This fast-fashion focus of lowering costs and increasing speed, results with employees being “cogs in the machine” (Barker, 1993)
Unfortunately, being able to sell £5 t-shirts and produce new material once a month comes with a heavy price. In terms of production, efficiency can lead to a severe irrationality of rationality of exploiting and dehumanising workers, in order to increase speed and lower costs (Kellner, 1999). This irrationality can lead to the development of sweatshops. Here workers lose a sense of identity and perform mundane tasks, in sometimes harsh conditions, which provide no incentive apart from a minimal financial reward. This fast-fashion focus of lowering costs and increasing speed, results with employees being “cogs in the machine” (Barker, 1993). Also, because of open trade agreements to efficiently import and export goods, virtually all manufacturing can be outsourced to cheaper labor economies to gain a competitive advantage and save on cost of production (Ghemawat & Nueno, 2006). This outsourcing has lead to a reduction in employment in various countries, as half of the total productive capacity in the clothing industry has shifted from developed countries to less developed countries (Rosen, 2002). This has affected individuals such as a family friend, who once produced Austrian handmade lace for traditional clothing. Today they are outsourced and “Made in China”, where not only a family heritage, but tradition and culture of a society, are sacrificed for efficiency.
Due to such outsourcing and a strong focus on calculability, Zara is able to manufacture 450 million items a year. They create 11,000 unique items per annum, while competitors only generate 2,000-4,000 items (Ghemawat & Nueno, 2006). This mass-production allows them to produce six seasons opposed to four, in order for it’s stores to buy merchandise in small batches and focus on a “short-cycle” time. This reduces working capital intensity, while continuously producing new merchandise (Ghemawat & Nueno, 2006).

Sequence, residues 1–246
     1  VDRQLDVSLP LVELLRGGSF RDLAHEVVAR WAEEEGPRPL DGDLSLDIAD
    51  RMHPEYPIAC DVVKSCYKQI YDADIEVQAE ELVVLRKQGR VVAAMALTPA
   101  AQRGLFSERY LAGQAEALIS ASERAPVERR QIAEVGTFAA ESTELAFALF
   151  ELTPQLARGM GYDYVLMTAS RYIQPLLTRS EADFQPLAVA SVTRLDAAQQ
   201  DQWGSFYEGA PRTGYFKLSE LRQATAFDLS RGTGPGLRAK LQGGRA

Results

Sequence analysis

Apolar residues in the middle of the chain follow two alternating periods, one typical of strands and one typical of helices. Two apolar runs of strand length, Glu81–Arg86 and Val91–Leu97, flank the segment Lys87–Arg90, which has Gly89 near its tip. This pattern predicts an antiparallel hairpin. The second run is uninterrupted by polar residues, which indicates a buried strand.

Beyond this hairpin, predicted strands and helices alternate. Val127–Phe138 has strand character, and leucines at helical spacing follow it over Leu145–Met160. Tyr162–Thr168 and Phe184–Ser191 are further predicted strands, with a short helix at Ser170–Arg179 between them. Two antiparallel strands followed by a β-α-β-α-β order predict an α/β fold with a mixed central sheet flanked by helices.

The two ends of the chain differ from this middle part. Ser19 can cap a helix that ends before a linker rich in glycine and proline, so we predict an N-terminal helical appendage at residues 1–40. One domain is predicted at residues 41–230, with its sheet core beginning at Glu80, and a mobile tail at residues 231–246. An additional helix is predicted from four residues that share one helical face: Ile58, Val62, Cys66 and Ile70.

In the UK, more than 1,000,000,000 kg of textile is sent to landfill every year (Waste Online, 2008) and is continuously rising, due to the impact of fast fashion.
While Levitt (1987) suggests, “standards are not just threatened but are sometimes actually raised by mass producers,” Ritzer argues this focus on quantity, can compromise quality. For example, Zara products are designed to be worn no more than 10 times and then disposed of (McAfee, Sjoman, & Dessain, 2004). This increased disposal is causing a tremendous impact on our environment. In the UK, more than 1,000,000,000 kg of textile is sent to landfill every year (Waste Online, 2008) and is continuously rising, due to the impact of fast fashion. These practices are not sustainable, yet cannot be blamed solely on the elements McDonaldization, but also on our general lack of knowledge of how and where clothing is disposed of, how it is made, and what the environmental consequences are (Morgan & Birtwistle 2009).
Even with such high and damaging production rates, fashion incorporates predictability. Predictability can offer peace of mind to the consumer, by being stable and trustworthy, and can allow producers to easily predict requirements and outcomes (Ritzer, 1993). For example, the inexpensive pricing strategies of many fast-fashion companies is predictable, as they target Generation Y and Z consumers who tend to have less disposable income. Also, being ‘standardized’ might even be viewed as quite beneficial,” (Lyon et al., 1994) such as fulfilling consumer expectations of a product or service. Furthermore, predictability supports consistent branding, which allows an organization to position itself effectively in the consumers mind (Aaker, 1997). Therefore, the brand is able to connote to subjective “brand personalities” such as Abercrombie and Fitch being “casually cool” through it’s predictable product design and branding. However, consistent predictability should not lead to being dull and monotonous; for people to talk about a brand, it “should be outrageous” (Mangold & Faulds, 2009) and should therefore incorporate innovative fresh approaches!
Thus, the extent of predictability can vary, and should sometimes merge with the unexpected. For example, the Zara I visit in Milan differs from the one I visit in Exeter in terms of product offerings, size, and layout, although they share the similarities of workers in black uniforms and upbeat music. This is because the company “wishes to reflect the socioeconomic differences,” of a location’s culture, but offers a predictable consumer experience (Ghemawat & Nueno, 2006). Moreover, the brand Chanel marries its predictable, elegant design with seasonal innovations to accommodate its broad range of customers and that of the evolving fashion industry. The company relies on their predictable look of tweed and pearls, yet modifies its designs to satisfy a contemporary market, such as introducing tweed sneakers. On a previous phone interview with a Chanel employee, I was told, “The brand grows and transforms…but stays true to its roots” (Marchese, 2011). This implies that predictability can in fact become a platform for innovation and originality, again challenging Ritzer’s case, that McDonaldization stifles diversity.